who the heck knows anything, anyway

Thursday, September 23, 2010


Today, I was feeling a bit unmotivated. The walls in the apartment were (note: ARE) too white, the sky outside was too grey, etc. It was just sort of a bunk day. And though I have, since my point of creative departure this morning, changed my story,* I spent most of my afternoon doodling. Which is code for making Pokémon versions of myself and Daniel after seeing this.

So, behold! Me as a Pokémon:
My attacks aim true
Yeah, those are guns on its back

And Daniel, as not so much a Pokémon as "li'l danil: astronaut":
Those are tea-shooting cannons on that third one

As I said, I also got some actual work done today. Well, I think I did. There is no really good Instruction Manual for Doing Writing the Right Way, so I may be on the right track, or I may be stumbling around a dark room, hitting the garbage disposal instead of the light switch. Only time will tell!

The closest you will ever get to an Instruction Manual for Doing Writing the Right Way is Bird by Bird by Anne Lamott. But don't take my word for it. TRY IT!

*YET AGAIN. Seriously, figure it out, yo. All of a sudden, I have a character narrator. Re-write time!

Sunday, September 5, 2010

Novel Reboot: Writing is Hard (Sometimes)

Up until about three days ago, I was about seventy-five pages deep into a novel I had been working on for three and a half years. Sure, that doesn't seem like a whole lot, but I've cut huge chunks out, re-written it time and time again, and was finally picking up some steam on it. And I loved some of the later parts. The beginning, though, drove me absolutely batty (as most things I wrote at age nineteen are wont to do), and there was just no fixing it. At first, I was going to try re-writing the first paragraph blindly and go from there. But that led to me realizing that I want to scrap huge plot points that I think are dumb. That left me with starting over completely. Which is what I have done.

Don't worry, I archived the old stuff. I'm not getting rid of it. But the usable bits are pretty insignificant. Fortunately, in the span of two days, I smashed out about 1,300 words, and they are more to my liking. But now I'm hitting that What's Next? wall. The characters are generally the same (they've undergone a bit of tweaking, but the essence is still there. One of my pals then suggested calling the project my Reboot, which I find to be fitting and simultaneously endearing), but the story line is drastically different. I have always been really bad at pre-formulating a plot. I usually just go with the flow, and the flow does a darn-tootin' fine job of taking me where I need to be. Not to say that I never get writer's block. With only seventy-five pages written in three and a half years, you can bet your best pants that I get writer's block somethin' awful. Maybe I was just all psyched up over jumping back in so effortlessly that I forgot about the dry spells.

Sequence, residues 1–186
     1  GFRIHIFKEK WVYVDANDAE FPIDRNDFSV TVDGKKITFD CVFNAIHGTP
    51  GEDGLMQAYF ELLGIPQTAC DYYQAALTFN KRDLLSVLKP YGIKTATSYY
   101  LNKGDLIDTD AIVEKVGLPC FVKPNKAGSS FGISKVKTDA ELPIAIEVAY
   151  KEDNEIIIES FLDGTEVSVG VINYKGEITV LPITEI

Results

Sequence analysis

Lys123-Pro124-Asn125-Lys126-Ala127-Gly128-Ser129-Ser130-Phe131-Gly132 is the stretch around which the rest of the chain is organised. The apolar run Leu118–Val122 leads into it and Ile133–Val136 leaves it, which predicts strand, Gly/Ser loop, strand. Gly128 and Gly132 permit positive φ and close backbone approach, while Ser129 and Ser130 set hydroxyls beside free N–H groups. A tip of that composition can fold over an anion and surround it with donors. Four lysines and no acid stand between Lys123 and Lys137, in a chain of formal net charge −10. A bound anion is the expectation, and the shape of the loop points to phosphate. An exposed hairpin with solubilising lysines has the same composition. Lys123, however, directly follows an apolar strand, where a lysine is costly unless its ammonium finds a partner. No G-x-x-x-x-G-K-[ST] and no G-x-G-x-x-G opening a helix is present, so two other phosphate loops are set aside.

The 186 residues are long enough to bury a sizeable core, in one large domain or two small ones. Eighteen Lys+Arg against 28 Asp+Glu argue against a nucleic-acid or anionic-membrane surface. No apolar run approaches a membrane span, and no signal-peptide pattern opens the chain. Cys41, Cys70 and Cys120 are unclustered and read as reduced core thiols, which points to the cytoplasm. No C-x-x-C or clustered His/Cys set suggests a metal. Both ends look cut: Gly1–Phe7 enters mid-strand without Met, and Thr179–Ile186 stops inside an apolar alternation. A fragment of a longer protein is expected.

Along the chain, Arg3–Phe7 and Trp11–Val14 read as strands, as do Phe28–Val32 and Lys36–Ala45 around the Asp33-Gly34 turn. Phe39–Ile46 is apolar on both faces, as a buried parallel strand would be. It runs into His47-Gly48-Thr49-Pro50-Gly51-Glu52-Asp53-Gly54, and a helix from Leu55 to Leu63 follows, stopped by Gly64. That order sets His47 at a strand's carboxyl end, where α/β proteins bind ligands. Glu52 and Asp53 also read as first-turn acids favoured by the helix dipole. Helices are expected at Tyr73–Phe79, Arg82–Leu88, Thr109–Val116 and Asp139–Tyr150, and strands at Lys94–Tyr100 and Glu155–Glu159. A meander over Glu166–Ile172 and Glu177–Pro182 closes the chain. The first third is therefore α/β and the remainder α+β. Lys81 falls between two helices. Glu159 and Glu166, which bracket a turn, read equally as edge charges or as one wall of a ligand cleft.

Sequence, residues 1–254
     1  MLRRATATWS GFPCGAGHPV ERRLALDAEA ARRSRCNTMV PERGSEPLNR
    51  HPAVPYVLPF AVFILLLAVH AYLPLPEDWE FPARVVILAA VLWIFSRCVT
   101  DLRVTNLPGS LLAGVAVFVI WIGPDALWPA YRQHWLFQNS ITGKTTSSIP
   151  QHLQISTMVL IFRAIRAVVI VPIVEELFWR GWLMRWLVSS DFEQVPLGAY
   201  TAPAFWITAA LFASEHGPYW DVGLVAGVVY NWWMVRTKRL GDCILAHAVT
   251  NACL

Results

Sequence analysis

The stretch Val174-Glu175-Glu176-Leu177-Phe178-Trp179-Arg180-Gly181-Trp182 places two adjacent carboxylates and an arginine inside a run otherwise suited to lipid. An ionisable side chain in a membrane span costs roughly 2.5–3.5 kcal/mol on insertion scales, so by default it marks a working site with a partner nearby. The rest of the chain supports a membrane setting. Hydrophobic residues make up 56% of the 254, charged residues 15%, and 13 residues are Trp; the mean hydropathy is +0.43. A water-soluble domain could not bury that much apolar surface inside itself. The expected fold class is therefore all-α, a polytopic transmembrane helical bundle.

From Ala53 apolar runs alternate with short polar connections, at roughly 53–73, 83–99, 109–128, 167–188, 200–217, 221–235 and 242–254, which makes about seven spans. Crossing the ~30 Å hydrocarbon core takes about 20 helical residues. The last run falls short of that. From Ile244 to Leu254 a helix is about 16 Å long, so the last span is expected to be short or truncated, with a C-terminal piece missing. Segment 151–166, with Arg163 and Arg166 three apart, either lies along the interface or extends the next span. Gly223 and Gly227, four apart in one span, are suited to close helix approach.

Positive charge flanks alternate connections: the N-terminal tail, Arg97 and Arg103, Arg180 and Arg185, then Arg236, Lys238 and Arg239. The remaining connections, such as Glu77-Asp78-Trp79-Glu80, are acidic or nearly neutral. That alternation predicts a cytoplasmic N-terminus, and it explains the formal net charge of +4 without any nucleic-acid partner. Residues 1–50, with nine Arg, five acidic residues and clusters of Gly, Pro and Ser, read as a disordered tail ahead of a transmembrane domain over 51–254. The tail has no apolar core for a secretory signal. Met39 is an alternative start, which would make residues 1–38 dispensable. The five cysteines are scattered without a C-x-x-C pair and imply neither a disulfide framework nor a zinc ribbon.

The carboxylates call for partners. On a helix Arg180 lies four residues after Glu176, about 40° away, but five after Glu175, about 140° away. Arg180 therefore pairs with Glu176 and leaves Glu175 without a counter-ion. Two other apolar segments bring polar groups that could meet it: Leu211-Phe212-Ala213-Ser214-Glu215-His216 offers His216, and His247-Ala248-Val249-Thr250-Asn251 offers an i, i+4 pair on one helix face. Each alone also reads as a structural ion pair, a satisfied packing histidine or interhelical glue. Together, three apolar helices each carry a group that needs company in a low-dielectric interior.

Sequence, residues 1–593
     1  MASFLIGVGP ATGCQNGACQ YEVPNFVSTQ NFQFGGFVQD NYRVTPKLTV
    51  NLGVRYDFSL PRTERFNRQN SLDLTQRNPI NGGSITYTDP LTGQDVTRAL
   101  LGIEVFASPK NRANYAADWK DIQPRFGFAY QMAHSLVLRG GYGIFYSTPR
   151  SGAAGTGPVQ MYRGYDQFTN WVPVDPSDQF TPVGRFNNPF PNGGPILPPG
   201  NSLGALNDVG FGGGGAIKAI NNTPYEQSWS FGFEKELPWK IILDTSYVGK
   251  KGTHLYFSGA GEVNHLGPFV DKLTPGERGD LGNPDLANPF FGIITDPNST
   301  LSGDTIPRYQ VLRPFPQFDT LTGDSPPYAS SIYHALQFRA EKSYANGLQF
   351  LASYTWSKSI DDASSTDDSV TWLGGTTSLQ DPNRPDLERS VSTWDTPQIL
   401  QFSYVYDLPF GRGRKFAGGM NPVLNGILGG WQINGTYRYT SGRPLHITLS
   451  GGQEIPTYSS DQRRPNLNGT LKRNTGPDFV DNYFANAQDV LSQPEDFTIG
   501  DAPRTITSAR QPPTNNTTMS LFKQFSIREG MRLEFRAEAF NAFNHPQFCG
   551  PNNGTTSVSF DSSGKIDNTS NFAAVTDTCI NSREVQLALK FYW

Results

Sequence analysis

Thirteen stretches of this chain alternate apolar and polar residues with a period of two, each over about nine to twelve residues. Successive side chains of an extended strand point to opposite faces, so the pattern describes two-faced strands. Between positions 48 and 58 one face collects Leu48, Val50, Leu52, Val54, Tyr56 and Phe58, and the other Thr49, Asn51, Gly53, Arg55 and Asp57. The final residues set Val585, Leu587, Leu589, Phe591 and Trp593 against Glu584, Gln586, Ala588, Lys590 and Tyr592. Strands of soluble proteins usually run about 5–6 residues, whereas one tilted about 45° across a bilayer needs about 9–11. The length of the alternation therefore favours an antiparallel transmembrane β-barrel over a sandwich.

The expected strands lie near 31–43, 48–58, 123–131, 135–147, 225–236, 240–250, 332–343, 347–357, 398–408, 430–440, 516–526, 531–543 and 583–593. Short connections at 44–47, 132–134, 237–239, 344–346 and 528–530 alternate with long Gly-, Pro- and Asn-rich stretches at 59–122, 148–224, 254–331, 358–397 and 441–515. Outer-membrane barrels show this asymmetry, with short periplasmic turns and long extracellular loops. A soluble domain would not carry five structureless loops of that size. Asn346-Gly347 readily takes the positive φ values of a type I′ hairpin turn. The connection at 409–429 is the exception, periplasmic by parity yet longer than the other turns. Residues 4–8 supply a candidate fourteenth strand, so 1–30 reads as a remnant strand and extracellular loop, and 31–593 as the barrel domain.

But, screw that, I don't want any more dry spells. Writer's Block is like, to quote Sebastian the crab, a teenager: You give it an inch, and it'll swim all over you. Enough with the moping and the excuses and the Whine Whine I'm So Busy whining. I love writing. When I write a great sentence, I do a happy dance, it makes me feel so good. But some tool boxes say that if it's hard to do sometimes, then you don't actually love it. It shouldn't be painful, ever. But that can't be true, right? Even the most happily in love couple struggles at some point, whether it's with distance or with their own past regrets or whatever. It's not the love itself that is struggling, but the realization of it. So suck on that, mean people. I love it so much, you are jealous. It just so happens that I am not content with simply buying my love flowers to keep it happy (mmm, prolonged metaphors).

Sebastian knows what's up
I don't know if what I need is a good writing community to motivate me, or if I need a plot to go on, or if it'll all work out just fine, but I wish someone could help me out with establishing a good rhythm. Writing is a very personal thing, though. What works for me probably won't work for you. John Cheever wrote naked in his laundry room and had to "earn back" his right to wear clothes. I would rather not do this. But you see what I mean. I yearn for guidance! Alas, there is none. So I will go back to my notebooks and keyboards and hope that it all works out. Because, otherwise, all that's left for me is existential crisis and, as much as I love Kierkegaard, that really doesn't sound like a good time.

Open to suggestions, as always. For totems, or what have you!